|Year : 2020 | Volume
| Issue : 5 | Page : 91-92
Civil society and volunteerism in the COVID-19 pandemic
Director, Clinic Brain Neuropsychiatric Institute and Research Center, Kolkata, West Bengal, India; Vice President cum President Elect- Indian Psychiatric Society (IPS); Vice President- SAARC Federation of Psychiatriasts; Vice President cum President Elect- Indian Association for Geriatric Mental Health (IAGMH); Editor- Indian Association of Private Psychiatry (IAPP), India
|Date of Submission||28-Jul-2020|
|Date of Acceptance||29-Jul-2020|
|Date of Web Publication||02-Oct-2020|
Dr. Gautam Saha
19/C Pioneer Park, P.O. Barasat, Dist: North 24, Parganas - 700 124, West Bengal
Source of Support: None, Conflict of Interest: None
|How to cite this article:|
Saha G. Civil society and volunteerism in the COVID-19 pandemic. Indian J Soc Psychiatry 2020;36, Suppl S1:91-2
”Civil Society” is defined according to the “Collins Dictionary” as 1. An organization founded to promote the interests of local communities 2. The element such as freedom of speech and an independent judiciary that make up a democratic society. It can be understood and sometimes referred to as “third sector” of society distinct from government, business and finance and consists of a wide array of organizations including non-governmental organizations (NGOs), labor unions, community groups, religious groups, etc. They are considered vital for democracy as they built social capital, trust, and shared values, which helps in holding the society together, brings cohesion, and facilitates interconnectedness of society and interests within it. Apart from their various functions (including protective function, function of participation, function of control, function of relief, and function of democratization), the main function is to influence the government and business to make policies aligned to their objectives, which are pro-people. They rely on voluntarism, which is the doctrine that the will is a fundamental or dominant factor in the individual or the universe.
The COVID-19 pandemic has brought many challenges to the Civil Society in India, as discussed by Khandelwal in this issue, in which he has highlighted the response of Governments and also the role of civil society in overcoming the challenges. The various challenges faced were-the plight of migrant labors, the elderly leaving alone, supply of the medication to the people, and supply of essential commodities, including sanitizers and masks. On April 6, NITI Aayog, the think-tank of the Union government, reached out to >92,000 NGOs, industry associations and international organizations seeking their assistance in delivering services to the needy through cross-sectoral collaborations.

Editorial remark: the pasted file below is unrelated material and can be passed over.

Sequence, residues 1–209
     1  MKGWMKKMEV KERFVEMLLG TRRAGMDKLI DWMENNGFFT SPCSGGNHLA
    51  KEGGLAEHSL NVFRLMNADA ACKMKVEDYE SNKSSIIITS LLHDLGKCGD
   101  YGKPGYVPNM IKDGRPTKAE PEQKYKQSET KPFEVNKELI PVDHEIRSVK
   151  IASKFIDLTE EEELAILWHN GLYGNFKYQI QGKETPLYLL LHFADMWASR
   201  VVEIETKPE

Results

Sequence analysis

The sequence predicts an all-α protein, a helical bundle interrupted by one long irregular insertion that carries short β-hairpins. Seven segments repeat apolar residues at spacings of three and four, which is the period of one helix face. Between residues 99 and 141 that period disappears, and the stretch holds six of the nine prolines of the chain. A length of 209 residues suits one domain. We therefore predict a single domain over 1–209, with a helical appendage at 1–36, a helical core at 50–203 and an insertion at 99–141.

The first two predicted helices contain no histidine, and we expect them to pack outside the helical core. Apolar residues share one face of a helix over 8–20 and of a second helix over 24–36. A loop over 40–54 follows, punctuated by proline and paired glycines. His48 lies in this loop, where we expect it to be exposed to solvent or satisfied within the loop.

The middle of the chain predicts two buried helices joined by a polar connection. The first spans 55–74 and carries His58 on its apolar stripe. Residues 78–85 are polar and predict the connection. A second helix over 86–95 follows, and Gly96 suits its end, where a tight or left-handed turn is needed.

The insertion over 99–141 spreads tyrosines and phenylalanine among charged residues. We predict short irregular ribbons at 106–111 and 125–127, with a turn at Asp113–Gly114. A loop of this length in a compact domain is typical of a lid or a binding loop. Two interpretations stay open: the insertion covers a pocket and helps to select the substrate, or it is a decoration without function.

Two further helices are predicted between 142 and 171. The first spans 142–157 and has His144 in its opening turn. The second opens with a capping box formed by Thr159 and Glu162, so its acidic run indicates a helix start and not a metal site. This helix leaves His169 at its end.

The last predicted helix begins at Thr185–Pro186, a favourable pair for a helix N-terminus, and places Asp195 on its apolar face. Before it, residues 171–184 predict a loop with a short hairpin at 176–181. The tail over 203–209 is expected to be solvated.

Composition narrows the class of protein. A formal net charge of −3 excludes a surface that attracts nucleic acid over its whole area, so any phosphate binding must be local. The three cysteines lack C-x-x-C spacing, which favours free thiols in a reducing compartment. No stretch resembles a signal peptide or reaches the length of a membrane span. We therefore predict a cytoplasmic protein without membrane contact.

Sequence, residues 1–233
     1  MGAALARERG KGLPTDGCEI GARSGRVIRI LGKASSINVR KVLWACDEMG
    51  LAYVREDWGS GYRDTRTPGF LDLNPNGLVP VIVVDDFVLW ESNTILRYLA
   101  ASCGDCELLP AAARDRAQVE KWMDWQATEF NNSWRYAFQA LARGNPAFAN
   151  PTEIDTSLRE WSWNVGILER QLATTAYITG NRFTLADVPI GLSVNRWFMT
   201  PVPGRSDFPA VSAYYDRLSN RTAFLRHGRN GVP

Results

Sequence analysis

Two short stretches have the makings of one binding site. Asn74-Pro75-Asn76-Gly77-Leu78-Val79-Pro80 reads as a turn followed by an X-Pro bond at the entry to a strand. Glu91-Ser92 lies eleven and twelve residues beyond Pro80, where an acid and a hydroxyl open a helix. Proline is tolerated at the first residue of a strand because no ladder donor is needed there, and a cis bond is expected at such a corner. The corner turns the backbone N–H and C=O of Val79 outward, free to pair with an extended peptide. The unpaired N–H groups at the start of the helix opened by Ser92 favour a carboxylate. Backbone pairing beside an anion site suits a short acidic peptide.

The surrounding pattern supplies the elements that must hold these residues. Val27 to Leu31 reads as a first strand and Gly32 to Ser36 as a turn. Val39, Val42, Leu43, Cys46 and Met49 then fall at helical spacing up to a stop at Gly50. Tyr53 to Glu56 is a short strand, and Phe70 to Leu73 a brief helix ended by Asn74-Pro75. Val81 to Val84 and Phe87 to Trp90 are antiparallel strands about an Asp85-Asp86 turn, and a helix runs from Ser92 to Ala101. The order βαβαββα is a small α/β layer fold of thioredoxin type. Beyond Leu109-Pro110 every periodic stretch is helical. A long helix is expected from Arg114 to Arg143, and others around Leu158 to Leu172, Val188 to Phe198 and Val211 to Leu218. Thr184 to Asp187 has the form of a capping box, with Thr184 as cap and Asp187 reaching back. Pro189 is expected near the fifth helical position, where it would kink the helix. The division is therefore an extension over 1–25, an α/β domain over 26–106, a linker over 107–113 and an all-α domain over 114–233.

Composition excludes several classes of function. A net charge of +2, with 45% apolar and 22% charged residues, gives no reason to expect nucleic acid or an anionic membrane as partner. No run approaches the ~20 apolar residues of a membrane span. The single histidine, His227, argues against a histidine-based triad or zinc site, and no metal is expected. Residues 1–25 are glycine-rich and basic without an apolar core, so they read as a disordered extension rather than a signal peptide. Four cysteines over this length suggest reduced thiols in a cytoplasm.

It is heartening to say that the challenges have been taken up and boosted by civil societies to deliver services like-organizing free kitchens and health camps. Innovative ways have been developed to help senior citizens by global positioning system (GPS) tracking and provide them food, medication, and transport for hospitalization. The specialized societies like Diabetes Association provided Insulin to the necessitous members of the community when it was in short supply. It is beyond doubt that infrastructure and dedication are required to reach the people who do not have a formal address, ration card, voter card, or other means of identity, which makes them invisible and keeps them out of reach of the benefits provided by the government. The civic society has risen to the challenge and facilitates people to receive the help provided by agencies. They have provided direct help, as well as help in filling up the forms required to receive different benefits.
There are various heartwarming stories of people helping others in need at an individual level also. We all should try to help the underprivileged, deprived, and needful people in our vicinity and surroundings. Hence, we, as an organization called as “Angels for the Angels,” moved by the plight of impoverished, destitute, and broken people around us, took up the challenge of sending cooked meals on a daily basis to around 200 people living on platforms and roads. The response of people has been so encouraging and a large number of people have come out and joined hands to help others despite their own difficulties, to strengthen and fortify the will to escalate the services to reach more and more people in need.
Nevertheless, there are two things which need attention. First-help to the same group of beneficiaries through different sources and some marginalized group not getting any help; for this, we need better coordination between the governmental and NGO sector. Second (and most important)-method of giving help; we have to remember that we are not giving alms to a beggar, but we are providing help to fellow citizens who are in this predicament due to this pandemic. Hence, a patronizing attitude should not be present, and clicking selfies and photos with beneficiaries and posting them on social media websites leaves a bad taste. We need to remember that this is a blessing to do good for others and must be done with sensitivity and taking care of the dignity of the recipients. Overall, the civil society in India has shown a will and resolves to be present for people in every disaster, whether it is a terrorist attack in Mumbai, a natural disaster, or now during a Pandemic!
Financial support and sponsorship
Conflicts of interest
There are no conflicts of interest.
| References|| |
Khandelwal SK. Debating the process, impact and handling of social and health determinants of the COVID-19 pandemic. Indian J Soc Psychiatry 2020:36 (Suppl);S64-S83.